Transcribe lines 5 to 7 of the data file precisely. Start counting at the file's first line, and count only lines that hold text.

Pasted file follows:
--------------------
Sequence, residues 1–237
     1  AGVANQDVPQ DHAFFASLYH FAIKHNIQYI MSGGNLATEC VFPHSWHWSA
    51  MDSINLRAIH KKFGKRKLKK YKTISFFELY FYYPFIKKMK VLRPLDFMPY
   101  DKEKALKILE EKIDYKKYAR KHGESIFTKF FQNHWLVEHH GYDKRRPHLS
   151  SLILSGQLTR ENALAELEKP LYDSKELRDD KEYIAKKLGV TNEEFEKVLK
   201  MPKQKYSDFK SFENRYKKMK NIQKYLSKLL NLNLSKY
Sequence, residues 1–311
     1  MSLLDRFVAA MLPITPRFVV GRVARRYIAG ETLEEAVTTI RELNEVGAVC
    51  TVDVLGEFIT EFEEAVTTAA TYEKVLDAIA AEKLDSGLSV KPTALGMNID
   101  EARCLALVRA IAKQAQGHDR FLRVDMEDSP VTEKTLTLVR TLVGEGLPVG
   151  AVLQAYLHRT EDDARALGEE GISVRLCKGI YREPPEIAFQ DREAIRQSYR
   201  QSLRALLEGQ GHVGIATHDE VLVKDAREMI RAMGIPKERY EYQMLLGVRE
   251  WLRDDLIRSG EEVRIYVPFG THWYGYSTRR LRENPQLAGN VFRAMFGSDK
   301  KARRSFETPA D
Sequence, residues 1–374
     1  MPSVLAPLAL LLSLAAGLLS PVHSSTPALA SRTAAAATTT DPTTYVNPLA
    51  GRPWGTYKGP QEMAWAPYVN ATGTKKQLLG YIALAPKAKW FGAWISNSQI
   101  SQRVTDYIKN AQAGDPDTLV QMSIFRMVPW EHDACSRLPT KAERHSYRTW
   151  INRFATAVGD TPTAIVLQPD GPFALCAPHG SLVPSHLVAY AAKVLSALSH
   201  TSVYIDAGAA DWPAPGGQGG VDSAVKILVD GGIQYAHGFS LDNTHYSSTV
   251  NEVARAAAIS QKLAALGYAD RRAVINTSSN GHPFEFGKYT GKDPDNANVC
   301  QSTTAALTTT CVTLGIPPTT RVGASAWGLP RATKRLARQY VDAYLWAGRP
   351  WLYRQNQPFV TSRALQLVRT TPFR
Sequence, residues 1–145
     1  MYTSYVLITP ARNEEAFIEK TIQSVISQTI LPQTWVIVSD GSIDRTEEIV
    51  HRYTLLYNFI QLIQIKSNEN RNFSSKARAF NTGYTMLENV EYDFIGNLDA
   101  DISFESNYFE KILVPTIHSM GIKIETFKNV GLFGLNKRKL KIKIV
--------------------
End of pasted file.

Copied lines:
   151  SLILSGQLTR ENALAELEKP LYDSKELRDD KEYIAKKLGV TNEEFEKVLK
   201  MPKQKYSDFK SFENRYKKMK NIQKYLSKLL NLNLSKY
Sequence, residues 1–311